Dining in the Dark at The Living Room, Oxford

Just to let you know, this post was written before I started the paleo diet to help ease my psoriasis. Nowadays I eat a more allergy-friendly diet, but leave these older, non-paleo posts up in case they are useful to readers, as I know not everyone eats the same as I do. Thanks for your understanding. 

As a blogger, you do get invited to some foodie events over the course of the year. Restaurant reviews, tastings, cooking with chefs. But this was different. For this event, I was blindfolded and given food. The aim was to try and guess the ingredients that were in the food, obviously without the aid of sight. 'Hmph', I sniffed - this would be EASY. But it honestly wasn't.

The Living Room have been running the event at their restaurants all around the country over the last few weeks and at each event, the blogger who identifies the most number of ingredients wins themselves a trophy.

Caroline, of All That I'm Eating

We made a start, slipped on our blindfolds, and the serving began. The first thing I would say is that eating without seeing is really messy (napkins at the ready). The second thing I would say is that it's much more difficult than you think it's going to be. I got the walnut in the tart we were given but couldn't trace the Dolcelatte or the butternut squash that was in there. Caroline (from the blog All That I'm Eating) detected the truffle in the macaroni cheese, but I thought it was some mild blue cheese in there that was the secret ingredient. And although I got the coconut in the creme brulee, I thought it was raspberry in there too, not passionfruit. 

There were real highlights of the menu - one of them was the vegetarian Glamorgan sausage which we later discovered contained Caerphilly cheese and leeks as the main ingredients (I'd lost the plot by then and thought they contained some sort of ale, but they didn't).  They were delicious - and I'd probably make the trip specially to have them again. Also, the Moroccan lamb on giant couscous was another one we all agreed was tasty. A piece of seabass was served on some coconut and coriander rice, along with a piece of broccoli: the crispy skin on the sea bass cracked as I bit into it - something I'd probably not have noticed so much if I was eating with my eyes open.  It just goes to show how your other senses are exaggerated when you deprive yourself of one of them.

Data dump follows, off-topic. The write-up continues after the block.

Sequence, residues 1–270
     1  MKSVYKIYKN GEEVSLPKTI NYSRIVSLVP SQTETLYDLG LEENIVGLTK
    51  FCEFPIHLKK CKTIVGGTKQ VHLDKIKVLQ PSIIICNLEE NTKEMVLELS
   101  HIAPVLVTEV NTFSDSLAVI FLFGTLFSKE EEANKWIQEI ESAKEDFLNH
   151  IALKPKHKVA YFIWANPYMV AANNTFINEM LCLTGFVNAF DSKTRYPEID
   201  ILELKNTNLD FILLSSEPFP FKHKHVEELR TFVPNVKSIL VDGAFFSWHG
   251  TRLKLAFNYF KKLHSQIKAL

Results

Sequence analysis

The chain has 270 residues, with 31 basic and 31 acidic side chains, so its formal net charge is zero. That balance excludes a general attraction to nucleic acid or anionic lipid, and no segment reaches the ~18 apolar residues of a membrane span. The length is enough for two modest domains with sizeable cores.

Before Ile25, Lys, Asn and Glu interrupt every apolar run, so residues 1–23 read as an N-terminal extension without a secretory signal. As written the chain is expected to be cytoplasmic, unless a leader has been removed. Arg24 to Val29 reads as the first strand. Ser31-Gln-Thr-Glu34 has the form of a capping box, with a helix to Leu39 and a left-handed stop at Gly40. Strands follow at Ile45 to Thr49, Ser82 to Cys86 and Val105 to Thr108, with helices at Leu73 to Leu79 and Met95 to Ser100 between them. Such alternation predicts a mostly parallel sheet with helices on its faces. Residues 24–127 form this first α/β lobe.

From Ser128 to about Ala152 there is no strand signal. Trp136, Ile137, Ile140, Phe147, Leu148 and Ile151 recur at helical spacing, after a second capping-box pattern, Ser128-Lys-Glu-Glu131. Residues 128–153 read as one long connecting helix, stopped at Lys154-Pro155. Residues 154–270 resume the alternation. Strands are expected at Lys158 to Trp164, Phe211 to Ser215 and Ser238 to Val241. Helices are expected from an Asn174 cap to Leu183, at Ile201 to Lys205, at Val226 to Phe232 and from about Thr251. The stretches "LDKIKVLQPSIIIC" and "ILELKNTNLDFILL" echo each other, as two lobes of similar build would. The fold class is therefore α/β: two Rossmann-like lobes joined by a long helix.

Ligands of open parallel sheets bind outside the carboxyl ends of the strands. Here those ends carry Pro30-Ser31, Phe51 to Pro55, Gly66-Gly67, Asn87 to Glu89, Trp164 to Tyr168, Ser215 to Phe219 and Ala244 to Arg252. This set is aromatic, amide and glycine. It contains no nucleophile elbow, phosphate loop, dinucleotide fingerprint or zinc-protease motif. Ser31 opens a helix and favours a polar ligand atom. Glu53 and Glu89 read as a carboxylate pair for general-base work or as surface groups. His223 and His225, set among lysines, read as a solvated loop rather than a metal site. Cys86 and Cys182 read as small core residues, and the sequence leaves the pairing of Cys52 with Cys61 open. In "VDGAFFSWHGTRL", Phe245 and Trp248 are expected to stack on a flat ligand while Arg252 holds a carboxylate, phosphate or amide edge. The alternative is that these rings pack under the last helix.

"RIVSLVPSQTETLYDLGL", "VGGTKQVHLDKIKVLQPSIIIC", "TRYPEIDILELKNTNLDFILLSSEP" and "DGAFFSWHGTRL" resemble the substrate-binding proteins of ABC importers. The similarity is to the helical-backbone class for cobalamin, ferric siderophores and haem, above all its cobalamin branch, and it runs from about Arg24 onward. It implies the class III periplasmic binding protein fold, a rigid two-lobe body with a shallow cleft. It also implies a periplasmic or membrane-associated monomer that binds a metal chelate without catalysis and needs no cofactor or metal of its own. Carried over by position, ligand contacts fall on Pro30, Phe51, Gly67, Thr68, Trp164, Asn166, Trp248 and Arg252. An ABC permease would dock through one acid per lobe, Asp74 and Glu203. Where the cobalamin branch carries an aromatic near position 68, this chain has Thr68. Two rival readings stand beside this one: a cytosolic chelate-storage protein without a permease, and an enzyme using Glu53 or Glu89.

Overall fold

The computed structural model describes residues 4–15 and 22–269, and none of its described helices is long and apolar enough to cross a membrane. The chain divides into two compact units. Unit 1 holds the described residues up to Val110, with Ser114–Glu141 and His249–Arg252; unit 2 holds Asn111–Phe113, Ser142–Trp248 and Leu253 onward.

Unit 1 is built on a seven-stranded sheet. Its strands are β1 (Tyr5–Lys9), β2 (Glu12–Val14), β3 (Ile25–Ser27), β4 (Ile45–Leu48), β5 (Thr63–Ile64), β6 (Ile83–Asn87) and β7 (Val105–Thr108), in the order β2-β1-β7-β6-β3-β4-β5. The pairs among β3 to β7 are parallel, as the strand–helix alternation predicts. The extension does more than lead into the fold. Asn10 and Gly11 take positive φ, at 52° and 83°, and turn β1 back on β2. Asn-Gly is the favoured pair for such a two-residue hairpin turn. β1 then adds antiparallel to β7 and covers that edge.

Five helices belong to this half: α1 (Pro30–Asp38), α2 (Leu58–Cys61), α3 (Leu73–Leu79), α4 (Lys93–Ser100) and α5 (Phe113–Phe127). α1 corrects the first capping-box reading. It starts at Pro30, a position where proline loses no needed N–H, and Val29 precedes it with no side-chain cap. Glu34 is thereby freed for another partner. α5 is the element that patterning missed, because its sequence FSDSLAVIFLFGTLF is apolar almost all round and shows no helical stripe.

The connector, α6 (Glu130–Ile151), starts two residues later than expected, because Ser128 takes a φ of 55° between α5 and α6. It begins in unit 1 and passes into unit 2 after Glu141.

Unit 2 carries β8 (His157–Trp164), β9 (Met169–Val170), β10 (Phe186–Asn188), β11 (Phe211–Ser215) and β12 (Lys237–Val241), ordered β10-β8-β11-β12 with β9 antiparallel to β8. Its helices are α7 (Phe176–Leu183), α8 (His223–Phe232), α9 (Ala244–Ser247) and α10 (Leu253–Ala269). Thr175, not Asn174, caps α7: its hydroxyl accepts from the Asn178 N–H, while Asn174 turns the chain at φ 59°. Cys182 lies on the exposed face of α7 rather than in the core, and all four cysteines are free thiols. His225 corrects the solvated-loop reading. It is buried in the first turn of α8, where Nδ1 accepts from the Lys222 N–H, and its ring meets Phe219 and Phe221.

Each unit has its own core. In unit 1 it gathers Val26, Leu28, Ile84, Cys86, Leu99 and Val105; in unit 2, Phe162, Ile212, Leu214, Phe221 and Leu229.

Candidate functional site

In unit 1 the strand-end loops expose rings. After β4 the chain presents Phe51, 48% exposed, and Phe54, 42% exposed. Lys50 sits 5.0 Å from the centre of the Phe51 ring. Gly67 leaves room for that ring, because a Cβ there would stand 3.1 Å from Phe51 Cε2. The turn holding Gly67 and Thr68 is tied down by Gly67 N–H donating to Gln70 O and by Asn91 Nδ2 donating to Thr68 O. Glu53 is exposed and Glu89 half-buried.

The dishes we tried... we only saw these pictures once we'd got home

The experience was fun, valuable, and showed me just how important sight is when you're eating. I loved the dishes (especially the vegetarian sausages, the Moroccan lamb and the sea bass) but found the cocktails a bit too sweet, but then I'm not a cocktail person anyway. But if I'm being completely honest, the actual process of eating without seeing anything wasn't 100% enjoyable, and I think that's the whole point. As I walked out into the dark evening after the event I couldn't wait to see the pictures of what we'd been eating, which were emailed over later. You miss the vibrant colours of the food, indicators of what ingredients went in to making it: a frilly coriander leaf, a fleck of red chilli. You miss the grains on a piece of cheese, which tell you it's going to be crumbly, or the crisp, golden-grey skin of a pan-fried fillet of seabass. I think eating like this is something everyone should try once - you'll think differently about your food afterwards. I know I do.

I attended the event as a guest of The Living Room Oxford, on New Street near Oxford Castle - a 10-minute walk from the railway station. For more information visit the website or call 01865 260210.


  1. Glad it was reasonably fun...and I'm intrigued by the idea of giant couscous!

    1. Thanks Katie! Yes, giant couscous is lovely - I often cook it at home and have it with stews - you can get it in most big supermarkets now. Let me know if you give it a try and what you think :)

  2. Did you do the whole dinner blindfolded or just this taste challenge? Always half fancied it but imagine Id spill stuff everywhere.

    1. Hi Tom, we could take our blindfolds off to register our answers on the form and have a chat between courses, but once the blindfolds were on I did spill the food a bit!


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